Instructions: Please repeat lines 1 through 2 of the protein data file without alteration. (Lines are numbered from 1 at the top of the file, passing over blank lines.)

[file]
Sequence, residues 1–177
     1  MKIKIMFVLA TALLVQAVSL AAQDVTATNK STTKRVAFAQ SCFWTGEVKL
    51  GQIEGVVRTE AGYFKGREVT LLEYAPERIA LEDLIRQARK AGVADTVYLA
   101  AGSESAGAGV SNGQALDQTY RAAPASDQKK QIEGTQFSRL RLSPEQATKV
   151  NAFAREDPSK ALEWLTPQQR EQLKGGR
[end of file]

Sequence, residues 1–177
     1  MKIKIMFVLA TALLVQAVSL AAQDVTATNK STTKRVAFAQ SCFWTGEVKL